Review: The seventh and final instalment of De:Tuned's brilliant Unboxed Brain series - an unashamed tribute to 1990s IDM and ambient techno featuring contributions from many of the artists who defined that scene - is predictably special. It features a slew of new remixes of previously released tracks, plus "Monolith", a previously unreleased ambient track from the Future Sound of London that's every bit as weird, wonderful and out there as the duo's greatest work. Elsewhere, Kirk Degiorgio (as Future/Past) and Mark Broom both drag B12's "World's End" towards the dancefloor (the latter providing a punchy electro re-make), while The Black Dog provides a brilliantly blissful, string-drenched ambient interpretation of Scanner's "Eros".
Review: Bambooman (real name Kirk Barley) is a London based producer who presents his fourth release on Matthew Herbert's Accidental imprint - which follows up last year's terrific long player, Whispers. His new offering is the trippy minimal techno kicker "Ricochet", with its sparse arrangement revolving around a stuttering bassline and nasty chord stabs awash in plate reverb. On the flip, the man himself Herbert steps up to deliver a wacky and glitched out remix in his own truly idiosyncratic style once again.
Review: At first glance, French enfant terrible Bambounou is a surprising addition to the Diskant impint - now known as just Disk. Known for his techno and house exploits on Clek Clek Boom and 50 Weapons, his knack for intricately programmed rhythms were on display even back then. It kind of figures that he'd be a good choice for the label, come to think of it now. That's certainly proven across the three tracks on the Parametr Perkusja EP, where his sound sits comfortably alongside label mates like Harmonious Thelonious and Durian Brothers. From the slo-mo esoterica of "Dernier Metro" which reaches near tribal moments, the hard hitting polyrhythmic techno of "Kosovo Hardcore" it is great to hear some original productions from him after lengthy absence.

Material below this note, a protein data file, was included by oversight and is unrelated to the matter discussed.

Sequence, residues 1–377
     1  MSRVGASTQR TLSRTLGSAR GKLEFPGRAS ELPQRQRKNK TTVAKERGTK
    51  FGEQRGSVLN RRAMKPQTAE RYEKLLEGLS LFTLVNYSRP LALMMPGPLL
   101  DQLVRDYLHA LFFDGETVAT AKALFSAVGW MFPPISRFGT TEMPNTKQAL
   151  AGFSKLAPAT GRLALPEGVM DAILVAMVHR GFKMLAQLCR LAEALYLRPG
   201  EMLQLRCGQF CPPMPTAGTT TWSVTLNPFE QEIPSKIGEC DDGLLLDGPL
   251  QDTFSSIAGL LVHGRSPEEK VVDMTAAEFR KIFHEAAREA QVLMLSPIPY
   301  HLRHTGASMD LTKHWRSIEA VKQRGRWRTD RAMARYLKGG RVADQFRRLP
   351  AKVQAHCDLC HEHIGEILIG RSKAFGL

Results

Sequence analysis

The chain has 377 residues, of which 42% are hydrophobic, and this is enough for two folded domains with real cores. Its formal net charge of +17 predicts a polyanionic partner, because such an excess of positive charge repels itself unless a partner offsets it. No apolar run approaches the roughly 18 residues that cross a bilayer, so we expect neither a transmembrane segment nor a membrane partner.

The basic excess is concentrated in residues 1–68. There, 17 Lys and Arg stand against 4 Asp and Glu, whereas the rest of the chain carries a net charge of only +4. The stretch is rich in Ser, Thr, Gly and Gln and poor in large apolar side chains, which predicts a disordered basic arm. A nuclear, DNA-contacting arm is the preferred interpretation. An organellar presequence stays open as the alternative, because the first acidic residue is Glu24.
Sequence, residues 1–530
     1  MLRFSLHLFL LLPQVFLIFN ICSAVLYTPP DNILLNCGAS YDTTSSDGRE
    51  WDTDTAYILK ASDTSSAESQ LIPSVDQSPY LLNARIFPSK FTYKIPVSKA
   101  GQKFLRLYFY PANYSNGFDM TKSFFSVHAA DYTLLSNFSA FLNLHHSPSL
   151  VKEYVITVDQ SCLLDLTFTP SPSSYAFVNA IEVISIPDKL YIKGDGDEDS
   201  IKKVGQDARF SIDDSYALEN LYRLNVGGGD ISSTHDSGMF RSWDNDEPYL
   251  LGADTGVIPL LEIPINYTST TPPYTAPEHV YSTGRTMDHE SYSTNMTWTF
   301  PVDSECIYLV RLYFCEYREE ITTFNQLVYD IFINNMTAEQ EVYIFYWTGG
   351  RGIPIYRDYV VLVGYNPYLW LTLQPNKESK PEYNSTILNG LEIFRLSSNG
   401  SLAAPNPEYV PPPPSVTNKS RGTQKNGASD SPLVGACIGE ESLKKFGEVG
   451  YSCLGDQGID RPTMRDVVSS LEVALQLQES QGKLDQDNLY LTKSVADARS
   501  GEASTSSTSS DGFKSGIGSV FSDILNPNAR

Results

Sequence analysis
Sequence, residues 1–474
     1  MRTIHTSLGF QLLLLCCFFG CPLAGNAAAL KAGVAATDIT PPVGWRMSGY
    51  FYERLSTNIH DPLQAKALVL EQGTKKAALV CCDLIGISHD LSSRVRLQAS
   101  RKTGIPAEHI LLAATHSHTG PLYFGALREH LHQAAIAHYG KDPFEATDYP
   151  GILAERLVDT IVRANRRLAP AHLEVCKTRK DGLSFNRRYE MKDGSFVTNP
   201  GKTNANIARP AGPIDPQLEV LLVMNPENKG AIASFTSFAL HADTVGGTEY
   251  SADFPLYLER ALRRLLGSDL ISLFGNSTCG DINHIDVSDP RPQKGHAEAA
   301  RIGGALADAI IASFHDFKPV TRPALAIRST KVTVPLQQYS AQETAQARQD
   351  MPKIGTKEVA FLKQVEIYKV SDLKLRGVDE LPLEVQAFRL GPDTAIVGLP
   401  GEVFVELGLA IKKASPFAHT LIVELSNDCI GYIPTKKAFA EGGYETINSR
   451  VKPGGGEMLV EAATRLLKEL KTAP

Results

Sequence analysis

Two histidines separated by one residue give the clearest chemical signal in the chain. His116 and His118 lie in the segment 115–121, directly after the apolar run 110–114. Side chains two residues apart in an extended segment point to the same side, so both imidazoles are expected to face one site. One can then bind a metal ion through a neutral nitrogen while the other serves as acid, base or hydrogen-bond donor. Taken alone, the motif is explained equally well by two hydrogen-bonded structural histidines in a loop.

Review: Having shot into the limelight in 2012 with a 12" on Hessle Audio followed up by an outing on Liberation Technologies, Bandshell has since been on covert operations largely centred around releasing his music himself via Bandcamp. Now he's extended that practice into the B.S.Hell label, providing a physical presence to his wayward experimentation on the fringes of bass music. It's a sound that naturally aligns with the likes of Batu and Laksa, but also defiantly makes its own statement as well. With five tracks of distinctive drum science and textural voodoo to indulge in, this is a welcome return to wax for a thrilling, self-motivated producer.
Review: Brothers From Different Mothers stalwart Basses Terres is a producer to whom easy categorization cannot be applied. For example, on his 2016 debut, he rushed between a quartet of experimental techno, leftfield and electronica excursions, while 2017's "Counting Pulsations" cassette was a druggy trip rich in ambient, dub and "dungeon synth" flavours. So what's on offer here? More intoxicating, otherworldly concoctions, that's what. Highlights include the dark tropical ambient of "665 Moths", the dubbed-out post-dancehall weightiness of "Wilfred Doricent", the slipped and spacey electronica of "Deliae" and the fluid dreaminess of gently percussive closing cut "Sentiment Oceanique".
Review: Battista, John Swing and EMG's first hook-up under the SPS moniker - the thrillingly hard-to-pigeonhole Sintomi Di Gravita 12" - was arguably one of 2014's most slept-on records. Here they join forces for round two, delivering another two tracks that neatly sidestep the accepted norms of house and techno. A-side "Movimento (Consico Mix)" is a wonky chunk of well-swung, jazz-flecked deep house, smothered in filters and tipsy chords. Flip for the Inconsico Mix of the same track, a brilliantly far-out fusion of odd electronics, glitchy rhythms, shimmering synths and bubbling found sounds. It's hardly dancefloor-centric, but it's certainly really, really good.